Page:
On the first of each month, I send a letter to our investors describing what we see in the world relative to their portfolios. We always try to identify some “big picture” issue, usually one that is overlooked. The goal is to have our clients understand our thought process.
One of my favorite analytical devices is to compare quantitative data with investor sentiment. Pitting the cognitive versus the quantitative often reveals a “perception gap” — a difference between investors’ emotions versus the underlying market data. Think of it as “what people are thinking” versus reality.
The news out of Eastern Europe is a perfect example of this. Russian President Vladimir Putin’s aggressive military grab in Ukraine has been dominating global media coverage. Markets were off dramatically yesterday, with Russian’s bourse down 10 percent for the day. In the U.S., markets fell about 1 percent, although the accompanying media angst might have made you think it was triple that.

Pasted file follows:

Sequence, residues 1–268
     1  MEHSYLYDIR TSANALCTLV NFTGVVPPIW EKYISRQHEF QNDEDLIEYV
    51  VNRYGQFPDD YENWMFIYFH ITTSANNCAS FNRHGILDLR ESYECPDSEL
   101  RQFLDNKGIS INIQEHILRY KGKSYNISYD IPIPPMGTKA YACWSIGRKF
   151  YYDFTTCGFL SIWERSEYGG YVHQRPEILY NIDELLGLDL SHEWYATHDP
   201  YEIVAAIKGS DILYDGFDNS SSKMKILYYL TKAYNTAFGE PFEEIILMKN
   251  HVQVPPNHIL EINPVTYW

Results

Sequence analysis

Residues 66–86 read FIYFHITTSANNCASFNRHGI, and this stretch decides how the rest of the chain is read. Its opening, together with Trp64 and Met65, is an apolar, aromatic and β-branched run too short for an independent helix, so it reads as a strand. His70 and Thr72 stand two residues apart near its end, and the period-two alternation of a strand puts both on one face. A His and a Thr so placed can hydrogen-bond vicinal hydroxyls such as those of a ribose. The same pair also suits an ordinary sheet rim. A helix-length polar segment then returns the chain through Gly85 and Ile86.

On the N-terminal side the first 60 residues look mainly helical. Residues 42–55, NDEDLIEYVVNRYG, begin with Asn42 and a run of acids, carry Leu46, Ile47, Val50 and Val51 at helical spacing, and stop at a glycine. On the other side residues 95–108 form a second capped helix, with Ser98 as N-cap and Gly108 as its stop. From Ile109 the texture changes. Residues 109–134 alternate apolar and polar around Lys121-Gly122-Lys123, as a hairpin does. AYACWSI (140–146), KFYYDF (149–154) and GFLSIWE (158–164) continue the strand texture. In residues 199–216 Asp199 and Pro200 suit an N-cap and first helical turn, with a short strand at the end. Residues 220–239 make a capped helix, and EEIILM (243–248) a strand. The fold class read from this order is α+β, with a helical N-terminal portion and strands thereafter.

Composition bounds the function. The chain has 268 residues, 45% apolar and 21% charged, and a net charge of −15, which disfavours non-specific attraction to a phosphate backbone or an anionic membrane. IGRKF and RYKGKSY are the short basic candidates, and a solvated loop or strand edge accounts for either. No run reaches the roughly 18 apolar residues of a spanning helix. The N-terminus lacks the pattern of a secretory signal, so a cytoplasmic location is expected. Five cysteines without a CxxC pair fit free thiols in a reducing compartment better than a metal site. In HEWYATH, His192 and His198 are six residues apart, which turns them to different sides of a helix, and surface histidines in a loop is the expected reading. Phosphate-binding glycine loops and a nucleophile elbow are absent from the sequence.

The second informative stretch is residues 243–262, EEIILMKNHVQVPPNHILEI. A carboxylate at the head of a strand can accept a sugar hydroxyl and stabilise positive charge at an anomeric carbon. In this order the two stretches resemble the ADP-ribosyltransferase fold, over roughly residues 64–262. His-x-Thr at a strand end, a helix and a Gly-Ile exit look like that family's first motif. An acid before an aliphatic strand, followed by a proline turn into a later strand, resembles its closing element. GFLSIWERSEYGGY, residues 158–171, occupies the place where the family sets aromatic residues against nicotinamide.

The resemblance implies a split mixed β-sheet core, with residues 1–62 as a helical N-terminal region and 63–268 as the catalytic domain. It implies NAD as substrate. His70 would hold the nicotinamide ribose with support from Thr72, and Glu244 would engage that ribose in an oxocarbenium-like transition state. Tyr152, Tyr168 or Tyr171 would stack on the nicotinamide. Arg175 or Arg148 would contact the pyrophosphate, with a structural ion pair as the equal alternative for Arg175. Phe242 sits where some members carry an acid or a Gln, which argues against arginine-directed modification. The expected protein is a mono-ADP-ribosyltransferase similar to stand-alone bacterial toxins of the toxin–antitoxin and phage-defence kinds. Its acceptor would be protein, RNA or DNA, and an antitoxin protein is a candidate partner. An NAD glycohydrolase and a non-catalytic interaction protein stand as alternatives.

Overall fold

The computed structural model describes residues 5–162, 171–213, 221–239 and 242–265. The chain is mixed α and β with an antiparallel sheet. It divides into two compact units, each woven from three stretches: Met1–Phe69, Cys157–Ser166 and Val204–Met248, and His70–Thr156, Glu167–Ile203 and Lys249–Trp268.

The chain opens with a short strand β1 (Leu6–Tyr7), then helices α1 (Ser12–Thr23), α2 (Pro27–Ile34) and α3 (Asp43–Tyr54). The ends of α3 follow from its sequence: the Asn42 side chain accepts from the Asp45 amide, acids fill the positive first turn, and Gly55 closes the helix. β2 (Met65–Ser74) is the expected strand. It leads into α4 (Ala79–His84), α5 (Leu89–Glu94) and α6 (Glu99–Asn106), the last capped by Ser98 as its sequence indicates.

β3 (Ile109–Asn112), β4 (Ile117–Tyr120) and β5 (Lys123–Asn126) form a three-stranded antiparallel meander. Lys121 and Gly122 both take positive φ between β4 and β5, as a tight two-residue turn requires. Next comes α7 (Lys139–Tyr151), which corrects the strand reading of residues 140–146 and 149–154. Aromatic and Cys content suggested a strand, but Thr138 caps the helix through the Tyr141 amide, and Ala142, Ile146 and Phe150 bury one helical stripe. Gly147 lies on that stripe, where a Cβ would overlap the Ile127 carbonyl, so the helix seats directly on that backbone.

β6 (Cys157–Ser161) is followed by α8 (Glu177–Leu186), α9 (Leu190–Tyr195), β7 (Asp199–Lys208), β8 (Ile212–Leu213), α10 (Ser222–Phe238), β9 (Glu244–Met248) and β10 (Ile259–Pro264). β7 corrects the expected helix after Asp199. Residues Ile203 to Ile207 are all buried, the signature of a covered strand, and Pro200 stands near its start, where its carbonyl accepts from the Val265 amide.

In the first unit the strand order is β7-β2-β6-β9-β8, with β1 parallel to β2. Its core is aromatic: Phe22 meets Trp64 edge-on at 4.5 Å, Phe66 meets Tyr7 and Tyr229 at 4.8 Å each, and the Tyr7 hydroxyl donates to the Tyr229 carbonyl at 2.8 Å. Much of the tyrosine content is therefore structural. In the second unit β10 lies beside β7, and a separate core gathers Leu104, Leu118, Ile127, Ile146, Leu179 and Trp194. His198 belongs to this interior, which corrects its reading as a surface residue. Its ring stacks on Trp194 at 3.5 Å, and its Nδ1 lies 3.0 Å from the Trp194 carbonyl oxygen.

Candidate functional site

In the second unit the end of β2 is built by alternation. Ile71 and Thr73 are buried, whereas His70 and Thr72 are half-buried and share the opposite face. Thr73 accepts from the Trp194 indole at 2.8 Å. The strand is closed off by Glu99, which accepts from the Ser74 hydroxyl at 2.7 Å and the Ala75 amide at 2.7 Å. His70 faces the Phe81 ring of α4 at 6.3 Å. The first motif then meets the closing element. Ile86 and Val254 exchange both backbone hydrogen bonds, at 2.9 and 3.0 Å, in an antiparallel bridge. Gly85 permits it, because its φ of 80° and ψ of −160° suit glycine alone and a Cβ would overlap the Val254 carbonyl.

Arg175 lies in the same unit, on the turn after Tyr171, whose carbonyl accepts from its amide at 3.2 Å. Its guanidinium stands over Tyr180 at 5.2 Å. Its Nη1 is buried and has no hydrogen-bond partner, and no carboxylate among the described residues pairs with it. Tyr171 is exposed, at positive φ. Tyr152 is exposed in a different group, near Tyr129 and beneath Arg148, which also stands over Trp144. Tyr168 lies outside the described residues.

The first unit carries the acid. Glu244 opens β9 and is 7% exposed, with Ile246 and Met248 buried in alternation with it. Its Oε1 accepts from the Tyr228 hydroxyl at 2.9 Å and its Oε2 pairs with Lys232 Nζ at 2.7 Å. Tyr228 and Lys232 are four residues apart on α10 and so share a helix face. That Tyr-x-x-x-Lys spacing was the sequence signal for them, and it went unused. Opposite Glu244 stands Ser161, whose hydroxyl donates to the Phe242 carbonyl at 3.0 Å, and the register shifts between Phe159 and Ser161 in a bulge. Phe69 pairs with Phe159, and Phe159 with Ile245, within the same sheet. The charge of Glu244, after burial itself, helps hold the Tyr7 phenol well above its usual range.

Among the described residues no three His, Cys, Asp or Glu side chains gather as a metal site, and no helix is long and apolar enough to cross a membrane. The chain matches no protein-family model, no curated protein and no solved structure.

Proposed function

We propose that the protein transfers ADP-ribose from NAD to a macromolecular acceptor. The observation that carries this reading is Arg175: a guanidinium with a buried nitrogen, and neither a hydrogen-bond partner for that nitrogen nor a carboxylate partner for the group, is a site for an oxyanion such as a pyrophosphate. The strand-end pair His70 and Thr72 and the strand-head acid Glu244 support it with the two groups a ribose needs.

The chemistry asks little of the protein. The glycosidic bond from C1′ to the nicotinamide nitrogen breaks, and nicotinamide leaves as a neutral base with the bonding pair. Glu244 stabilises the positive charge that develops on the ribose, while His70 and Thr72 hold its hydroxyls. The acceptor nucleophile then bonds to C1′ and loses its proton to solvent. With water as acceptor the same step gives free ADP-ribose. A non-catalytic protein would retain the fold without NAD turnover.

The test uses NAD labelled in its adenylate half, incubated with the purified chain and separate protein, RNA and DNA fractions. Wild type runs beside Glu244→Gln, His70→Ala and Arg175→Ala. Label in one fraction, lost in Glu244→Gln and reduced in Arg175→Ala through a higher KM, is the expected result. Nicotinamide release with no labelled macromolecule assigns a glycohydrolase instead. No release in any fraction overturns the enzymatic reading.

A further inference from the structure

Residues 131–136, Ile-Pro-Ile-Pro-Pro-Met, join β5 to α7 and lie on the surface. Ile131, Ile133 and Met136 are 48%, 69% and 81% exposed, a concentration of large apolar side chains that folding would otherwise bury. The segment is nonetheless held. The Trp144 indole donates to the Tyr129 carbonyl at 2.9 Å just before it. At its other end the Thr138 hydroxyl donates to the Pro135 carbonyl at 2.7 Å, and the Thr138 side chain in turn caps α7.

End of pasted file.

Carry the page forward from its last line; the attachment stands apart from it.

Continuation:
Regardless, it is merely the latest global event that is dramatic, dangerous — and mostly irrelevant to investors.
Why is that?